The agreements allow law enforcement officials from partner countries to mount U.S. Coast Guard and U.S. Navy ships and aircraft, as far as the agreements allow. and authorize U.S. ships and aircraft authorized to assist police officers of the host country in monitoring the sea and embarking ships under the authority and jurisdiction of the official. Typically, sailing agreements are executed by U.S. ships, aircraft, and coast guard police officers. However, ships and aircraft of the United States Navy, the host country and third parties participate, as far as the agreements so permit. The U.S.
Navy supports joint shipping operations through the Africa Maritime Law Enforcement Partnership (AMLEP) and the Oceania Maritime Security Initiative (OMSI). The primary mission of the National Response Center (NRC) is to serve as a single national point of contact for the notification of all oil, chemical, radiological, biological, and etiological releases to the environment throughout the United States and its territories. In addition to collecting and distributing spill data for federal stage coordinators and the communication and operations center function of the national response team, the NRC has agreements with a large number of federal agencies to provide additional notifications on incidents that meet defined triggering criteria. The NRC also adopts reports of terrorist/suspicious activities and reports of maritime security violations. Details on the nrc organization and specific responsibilities can be found in the National Oil and Hazardous Pollution Contingency Plan.  The U.S. Coast Guard regularly enforces 16 bilateral fisheries laws with countries in the Eastern Pacific and West Africa. These agreements allow U.S. government vessels and U.S.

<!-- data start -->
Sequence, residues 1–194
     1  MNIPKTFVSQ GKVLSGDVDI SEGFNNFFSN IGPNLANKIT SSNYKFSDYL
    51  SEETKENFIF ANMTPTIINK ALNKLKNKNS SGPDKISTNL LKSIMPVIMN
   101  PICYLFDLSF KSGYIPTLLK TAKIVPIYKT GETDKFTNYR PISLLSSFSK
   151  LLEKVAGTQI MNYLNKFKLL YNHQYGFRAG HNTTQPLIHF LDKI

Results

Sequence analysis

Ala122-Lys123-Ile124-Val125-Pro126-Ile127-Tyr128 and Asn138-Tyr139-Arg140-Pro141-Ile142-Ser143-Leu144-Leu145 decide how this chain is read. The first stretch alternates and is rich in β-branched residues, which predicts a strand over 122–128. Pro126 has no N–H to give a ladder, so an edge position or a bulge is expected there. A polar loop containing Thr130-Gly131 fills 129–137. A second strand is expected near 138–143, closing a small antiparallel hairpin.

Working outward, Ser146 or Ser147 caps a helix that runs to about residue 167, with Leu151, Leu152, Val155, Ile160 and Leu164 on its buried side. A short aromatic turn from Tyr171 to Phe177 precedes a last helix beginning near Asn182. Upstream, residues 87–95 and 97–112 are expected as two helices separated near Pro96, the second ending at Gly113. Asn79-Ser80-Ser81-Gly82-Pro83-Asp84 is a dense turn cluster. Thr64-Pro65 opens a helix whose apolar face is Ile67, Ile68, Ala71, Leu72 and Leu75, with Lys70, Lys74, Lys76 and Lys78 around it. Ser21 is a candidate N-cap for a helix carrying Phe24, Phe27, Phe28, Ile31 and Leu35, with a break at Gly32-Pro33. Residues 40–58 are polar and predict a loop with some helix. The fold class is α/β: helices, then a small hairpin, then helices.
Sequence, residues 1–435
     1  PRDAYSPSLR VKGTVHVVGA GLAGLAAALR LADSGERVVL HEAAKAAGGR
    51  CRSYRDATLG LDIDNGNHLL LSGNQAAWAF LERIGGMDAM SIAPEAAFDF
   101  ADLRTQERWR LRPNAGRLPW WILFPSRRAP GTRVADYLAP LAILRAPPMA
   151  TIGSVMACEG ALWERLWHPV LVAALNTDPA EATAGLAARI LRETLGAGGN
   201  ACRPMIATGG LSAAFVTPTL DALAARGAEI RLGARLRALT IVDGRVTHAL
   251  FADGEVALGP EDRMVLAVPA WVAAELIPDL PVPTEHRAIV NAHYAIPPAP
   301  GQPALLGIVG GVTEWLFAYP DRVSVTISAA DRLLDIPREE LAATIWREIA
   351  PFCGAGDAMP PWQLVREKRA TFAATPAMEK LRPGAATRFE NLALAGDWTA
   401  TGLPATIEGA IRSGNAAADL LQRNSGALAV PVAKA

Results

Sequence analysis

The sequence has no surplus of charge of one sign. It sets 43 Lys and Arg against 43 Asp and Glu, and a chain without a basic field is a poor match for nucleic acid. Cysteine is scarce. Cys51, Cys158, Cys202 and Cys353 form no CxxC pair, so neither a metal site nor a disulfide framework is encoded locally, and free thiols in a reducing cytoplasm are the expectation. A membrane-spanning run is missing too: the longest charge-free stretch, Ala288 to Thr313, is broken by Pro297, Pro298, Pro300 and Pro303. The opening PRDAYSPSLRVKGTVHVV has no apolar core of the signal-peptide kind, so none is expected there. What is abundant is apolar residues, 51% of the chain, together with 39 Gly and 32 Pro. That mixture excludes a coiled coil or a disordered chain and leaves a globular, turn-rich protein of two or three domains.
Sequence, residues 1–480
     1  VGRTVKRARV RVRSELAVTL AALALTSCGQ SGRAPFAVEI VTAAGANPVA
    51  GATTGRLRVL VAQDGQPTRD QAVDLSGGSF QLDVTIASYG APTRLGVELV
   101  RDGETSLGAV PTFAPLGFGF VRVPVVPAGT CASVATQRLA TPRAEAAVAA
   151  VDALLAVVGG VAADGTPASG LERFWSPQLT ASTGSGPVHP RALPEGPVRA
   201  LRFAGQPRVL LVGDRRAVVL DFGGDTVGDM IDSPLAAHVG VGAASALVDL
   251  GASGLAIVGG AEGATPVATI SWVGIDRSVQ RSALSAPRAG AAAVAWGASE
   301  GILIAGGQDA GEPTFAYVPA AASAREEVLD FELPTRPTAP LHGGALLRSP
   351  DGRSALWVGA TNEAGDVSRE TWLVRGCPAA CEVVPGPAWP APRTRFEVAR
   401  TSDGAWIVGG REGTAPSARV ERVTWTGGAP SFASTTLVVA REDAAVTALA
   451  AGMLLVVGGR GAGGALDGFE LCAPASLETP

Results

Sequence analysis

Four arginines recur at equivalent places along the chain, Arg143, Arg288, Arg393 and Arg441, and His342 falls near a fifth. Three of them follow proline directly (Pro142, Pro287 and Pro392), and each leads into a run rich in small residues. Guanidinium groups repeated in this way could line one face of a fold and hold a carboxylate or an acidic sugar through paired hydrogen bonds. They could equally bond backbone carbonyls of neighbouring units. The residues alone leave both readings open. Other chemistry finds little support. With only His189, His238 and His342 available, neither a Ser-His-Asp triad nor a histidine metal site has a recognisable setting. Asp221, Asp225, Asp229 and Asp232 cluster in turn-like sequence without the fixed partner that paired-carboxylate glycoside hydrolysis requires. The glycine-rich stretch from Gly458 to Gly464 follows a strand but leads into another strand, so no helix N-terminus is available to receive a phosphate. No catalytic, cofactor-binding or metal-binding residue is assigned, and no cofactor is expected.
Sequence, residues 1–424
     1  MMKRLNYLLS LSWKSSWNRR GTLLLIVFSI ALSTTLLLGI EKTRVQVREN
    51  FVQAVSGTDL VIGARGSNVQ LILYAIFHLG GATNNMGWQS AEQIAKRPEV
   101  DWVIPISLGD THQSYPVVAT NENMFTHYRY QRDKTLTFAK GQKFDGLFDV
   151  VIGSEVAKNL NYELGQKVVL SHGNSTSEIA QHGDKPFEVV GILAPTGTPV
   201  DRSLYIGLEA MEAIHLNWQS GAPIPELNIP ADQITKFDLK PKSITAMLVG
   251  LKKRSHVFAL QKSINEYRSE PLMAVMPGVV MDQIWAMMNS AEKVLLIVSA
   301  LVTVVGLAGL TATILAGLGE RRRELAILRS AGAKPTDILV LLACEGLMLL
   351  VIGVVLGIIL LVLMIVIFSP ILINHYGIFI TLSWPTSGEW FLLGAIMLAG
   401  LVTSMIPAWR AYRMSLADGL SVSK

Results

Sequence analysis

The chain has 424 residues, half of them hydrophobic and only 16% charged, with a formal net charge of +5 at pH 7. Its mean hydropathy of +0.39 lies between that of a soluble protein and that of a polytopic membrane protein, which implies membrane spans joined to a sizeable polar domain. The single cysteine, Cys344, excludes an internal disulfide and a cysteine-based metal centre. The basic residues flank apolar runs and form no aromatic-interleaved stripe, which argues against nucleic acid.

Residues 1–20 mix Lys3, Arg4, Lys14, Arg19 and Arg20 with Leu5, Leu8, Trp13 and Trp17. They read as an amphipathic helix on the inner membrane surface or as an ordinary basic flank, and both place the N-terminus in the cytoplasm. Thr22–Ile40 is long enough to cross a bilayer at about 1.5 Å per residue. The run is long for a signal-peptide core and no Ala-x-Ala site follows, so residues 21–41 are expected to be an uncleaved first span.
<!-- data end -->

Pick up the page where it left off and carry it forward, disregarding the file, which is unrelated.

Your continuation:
Coast Guard law enforcement to help law enforcement personnel in the host country better exercise their authority. The Shiprider agreements help fill global gaps in the application of the law of the sea. improve cooperation, coordination and interoperability; Strengthen law of the sea enforcement capacity to more effectively combat illegal, unreported and unregulated (IUU) fishing and other illegal activities. The adoption of ship agreements among other countries and in other regions could contribute to strengthening global efforts to enforce the law of the sea. The United States and Samoa signed the Shiprider Agreement on June 2, 2012, at the same time as the Samoan Golden Jubilee for the 50th anniversary of the country`s independence.  The bilateral agreement allows Samoan law enforcement officers to enforce the law of the sea and fishing rules on board U.S. Coast Guard vessels.  The agreement applies to officials of the Samoan Ministry of Agriculture and Fisheries and uniformed personnel of the Samoan Ministry of Police and Prison and the United States Coast Guard.  Prime Minister Tuilaepa Aiono Sailele Malielegaoi and U.S. Ambassador to Samoa David Huebner were signatories to the agreement.  Over the past 23 years, collaborative, ongoing and international fishing vessel control operations have been conducted by the U.S. Coast Guard with China and 9 years with the island states of West Africa and the Pacific.
Shiprider agreements are an innovative and collaborative way to more effectively monitor the global ocean. The adoption of ship agreements among other countries and in other regions could contribute to further strengthening global efforts to enforce the law of the sea. Countries wishing to learn more about shipping agreements can contact the U.S. Coast Guard through the contact point mentioned in this project or through their local U.S. . . .